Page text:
As the fifth year at Hogwarts begins most of the wizardry world is having a hard time believing Voldemort (Ralph Fiennes) has returned further propagated by the Ministry of Magic who refuses to recognize anything evil is brewing and blames all the hullabaloo on Harry (Daniel Radcliffe) and Dumbledore (Michael Gambon). The Ministry even interferes with Hogwarts business by making Ministry employee Dolores Umbridge (Imelda Staunton) the new Defense Against the Dark Arts professor whose outwardly sweet demeanor hides a sadistic streak a mile wide. She thinks the children should only learn about the Dark Arts “theoretically” and tortures all those who disagree. But the Voldemort threat is a reality and Dumbledore has re-formed the Order of the Phoenix a group of witches and wizards that prepares to battle the Dark Lord. Harry is unfortunately being kept in the dark for his protection of course even as his connection to Voldemort grows stronger and he’s royally peeved at being ignored. Urged on by Hermione (Emma Watson) and Ron (Rupert Grint) he forms his own order of Hogwarts students called Dumbledore’s Army to teach them what defenses against the Dark Arts he has already learned. Oh yeah Harry also shares his first kiss but make no bones about it—love is the furthest thing on Harry’s mind when the crap hits the fan. War is imminent. Everyone steps up their game in Order of the Phoenix. Radcliffe Watson and Grint have shed their adolescent whininess and aw-shucks goofiness to give their characters the greatest depth so far. They are forced to grow up pretty quickly in Order with little time for any playfulness and the three actors handle the seriousness with aplomb. Of course both Radcliffe and Grint have already ventured out of the Potter world—Radcliffe shed more than just adolescence on stage in a production of Equus while Grint lost his virginity in the indie Driving Lessons--and their extra experience shows in Order. Also good are Matthew Lewis as the usually clumsy Neville Longbottom who shows his mettle in more ways than one and newcomer Evanna Lynch as the slightly off-kilter Luna Lovegood who proves to be a loyal member of Dumbledore’s Army. But the kids have to keep up with the talented adult cast especially Oscar-nominated Staunton (Vera Drake) as Umbridge. The veteran actress’ interpretation of one of J.K. Rowling’s nastiest characters so far in the Potter lore is spot-on down to the pink wool suits and irritating twitter “ahem” she uses when she wants your undivided attention. Helena Bonham Carter also makes an impression however over the top it is as the evil Voldemort follower Bellatrix Lestrange. Does she ever want to look pretty onscreen? Then there’s the laundry list of Brits whose time onscreen may be short but is nonetheless memorable including Alan Rickman as the sneering Prof. Snape; Gambon as the wise but flawed Dumbledore; Gary Oldman as the kindly Sirius Black Harry’s only real family; and of course Fiennes as He-Who-Must-Not-Be-Named. His late-in-the-game appearance once again throws you for a loop. It stands to reason that at five movies in moviegoers would have a favorite Harry Potter flick by now. Those who love those Triwizard Tournament special effects might feel The Goblet of Fire was the best; or Prisoner of Azkaban for its time-bending action. Yet The Order of the Phoenix may be the one movie that speaks directly to the fans of the books. Without as much wide-eyed wonderment or wizardry flash the story is still chockfull of compelling details that are absolutely pivotal to the continuing Harry Potter saga. Screenwriter Michael Goldenberg (Peter Pan) and director David Yates (HBO’s The Girl in the Café) manage to wade through this volume of information and cut successfully to the chase with great effect. Yates who has signed on to do the sixth movie Harry Potter and the Half-Blood Prince even shows an affinity for action in the final dramatic confrontation between good witches and wizards and bad ones. But overall Order of the Phoenix may leave audiences not as well-versed in the novels a little itchy for some good old-fashioned wand-waving and Disney special effects. Thing is it’s just going to keep getting darker and darker for Harry and his crew. The days of happy fun playtime are over.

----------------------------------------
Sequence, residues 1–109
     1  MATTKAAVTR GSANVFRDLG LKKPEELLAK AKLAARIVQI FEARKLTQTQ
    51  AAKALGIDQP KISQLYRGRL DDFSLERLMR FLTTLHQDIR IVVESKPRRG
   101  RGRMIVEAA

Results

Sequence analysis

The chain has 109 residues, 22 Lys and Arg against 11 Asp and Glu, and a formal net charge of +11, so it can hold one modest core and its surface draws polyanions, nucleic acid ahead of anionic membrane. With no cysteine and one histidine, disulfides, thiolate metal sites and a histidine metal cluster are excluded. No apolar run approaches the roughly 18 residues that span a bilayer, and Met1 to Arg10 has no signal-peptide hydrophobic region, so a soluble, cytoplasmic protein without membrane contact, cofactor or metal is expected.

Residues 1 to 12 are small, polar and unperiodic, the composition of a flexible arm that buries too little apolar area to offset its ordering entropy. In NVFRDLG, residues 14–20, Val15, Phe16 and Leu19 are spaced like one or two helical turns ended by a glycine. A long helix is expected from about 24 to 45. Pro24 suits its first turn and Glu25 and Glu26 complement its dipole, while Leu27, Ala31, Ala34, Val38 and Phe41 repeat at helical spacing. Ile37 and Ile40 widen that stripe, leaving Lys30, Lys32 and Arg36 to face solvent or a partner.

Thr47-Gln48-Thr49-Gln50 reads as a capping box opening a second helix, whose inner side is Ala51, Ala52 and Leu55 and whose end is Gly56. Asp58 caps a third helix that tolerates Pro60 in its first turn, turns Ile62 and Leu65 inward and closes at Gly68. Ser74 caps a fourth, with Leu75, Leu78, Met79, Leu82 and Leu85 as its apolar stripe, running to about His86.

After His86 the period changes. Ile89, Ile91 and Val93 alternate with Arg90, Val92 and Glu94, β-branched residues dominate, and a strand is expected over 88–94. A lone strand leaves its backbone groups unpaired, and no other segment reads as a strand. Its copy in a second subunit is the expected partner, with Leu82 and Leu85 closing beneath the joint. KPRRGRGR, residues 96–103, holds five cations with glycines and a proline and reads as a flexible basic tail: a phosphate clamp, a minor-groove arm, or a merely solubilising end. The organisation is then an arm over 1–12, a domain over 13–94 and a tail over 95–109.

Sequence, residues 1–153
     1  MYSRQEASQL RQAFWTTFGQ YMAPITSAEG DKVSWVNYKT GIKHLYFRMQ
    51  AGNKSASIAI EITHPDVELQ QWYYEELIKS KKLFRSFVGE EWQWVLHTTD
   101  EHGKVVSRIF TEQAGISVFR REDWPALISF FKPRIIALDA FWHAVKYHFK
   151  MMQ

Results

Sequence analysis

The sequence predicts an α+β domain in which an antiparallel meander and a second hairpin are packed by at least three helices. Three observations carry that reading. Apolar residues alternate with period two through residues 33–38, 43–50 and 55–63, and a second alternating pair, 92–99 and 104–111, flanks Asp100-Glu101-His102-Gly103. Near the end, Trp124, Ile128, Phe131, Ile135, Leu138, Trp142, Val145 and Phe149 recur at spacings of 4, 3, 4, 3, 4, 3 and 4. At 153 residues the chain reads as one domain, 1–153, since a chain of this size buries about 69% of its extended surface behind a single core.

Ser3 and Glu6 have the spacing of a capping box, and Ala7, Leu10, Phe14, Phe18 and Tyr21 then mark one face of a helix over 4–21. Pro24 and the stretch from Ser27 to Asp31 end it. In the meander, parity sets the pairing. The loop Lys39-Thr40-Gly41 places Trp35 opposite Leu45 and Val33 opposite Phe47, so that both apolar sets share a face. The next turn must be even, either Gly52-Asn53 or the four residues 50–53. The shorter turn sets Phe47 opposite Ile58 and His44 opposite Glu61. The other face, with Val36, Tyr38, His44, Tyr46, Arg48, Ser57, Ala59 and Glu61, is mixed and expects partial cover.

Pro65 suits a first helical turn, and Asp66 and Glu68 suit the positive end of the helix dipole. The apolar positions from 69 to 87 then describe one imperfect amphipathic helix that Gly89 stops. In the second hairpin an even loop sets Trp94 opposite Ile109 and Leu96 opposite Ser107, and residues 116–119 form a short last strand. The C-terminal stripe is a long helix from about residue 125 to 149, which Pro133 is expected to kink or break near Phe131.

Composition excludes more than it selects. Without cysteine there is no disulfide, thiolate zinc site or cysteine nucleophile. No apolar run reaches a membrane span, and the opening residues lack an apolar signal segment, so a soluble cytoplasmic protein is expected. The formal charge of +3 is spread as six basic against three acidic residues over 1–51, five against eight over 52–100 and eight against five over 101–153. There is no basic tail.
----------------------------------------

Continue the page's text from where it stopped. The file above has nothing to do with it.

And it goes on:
Set during the Spanish Civil War of the 1940s—a favorite area of exploration for writer-director Guillermo del Toro—the story follows dreamy 11-year-old Ofelia (Ivana Baquero) as she’s uprooted and relocated to a remote military outpost when her sickly mother (Ariadna Gil) marries the wantonly cruel camp commander Captain Vidal (Sergei Lopez). With the compassionate but secretive housekeeper Mercedes (Maribel Verdu) as the closest thing to a friend she has in the oppressive environment Ofelia escapes into a richly textured fantasy world. She follows a dragonfly she believes is a fairy into a landscaped but neglected garden maze she recasts as the lair of the goatish godling Pan (Doug Jones). He tells her she’s the last heir to a magical otherworldly kingdom and charges her with several tasks to help her reclaim her birthright. As her personal world grows more and more grim—the impending birth of her half-brother threatens her mother’s health her step-father grows colder and colder in his bid to crush the resistance and Mercedes’ hidden agenda places her in jeopardy as well—Ofelia soon finds herself tangling with hideous monsters both imagined and all too real often having difficulty distinguishing which is the more dangerous. The astonishingly real performance of the amazing young Spanish actress Baquero as Ofelia anchors the film firmly in both its real world and fantasy environments as only the convincing imagination of a child could. Lopez is an equally compelling discovery as the callous Vidal pitiless vicious and malevolent while still remaining believably human throughout. He’s unblinking in his depiction of a thoroughly vile and cruel man but avoids any aspect of cartoonish evil. And Verdu (Y Tu Mama Tambien) as Mercedes is a wonder as well with her remarkably expressive face unlimited by the film’s Spanish language barriers. Kudos too to Doug Jones a whisper-thin actor who specializes in “creature” roles (he’s played Abe Sapien in del Toro’s Hellboy and will be the Silver Surfer in the Fantastic Four sequel) who somehow magically delivers fully-formed performances as both the faun Pan and the freakish Pale Man through layers and layers of latex. Pan's Labyrinth is unquestionably Guillermo del Toro’s finest film work to date as pure an artistic vision as is likely to be committed to celluloid. He wisely worked outside the Hollywood system in his native Spain to bring his dark tale to life. The story exists in that shadowy netherworld between childhood and adulthood innocence and awareness of the world’s more sinister nature and its characters and themes are explored in ways that no mainstream film would ever allow. On the surface the trappings are Tim Burton-esque but the dark corners Pan's Labyrinth peers into are grim and gloomy indeed; del Toro is never afraid to delve into the murkiest of directions that to audiences used to more conventional movies are heart-wrenching even gut-churning but ultimately emotionally honest and in unexpected ways as immensely satisfying as they are haunting. The film is the announcement of the complete arrival of a major filmmaker and we can only hope that the qualities del Toro brings to this work do not get lost in the maze of Hollywood for future films.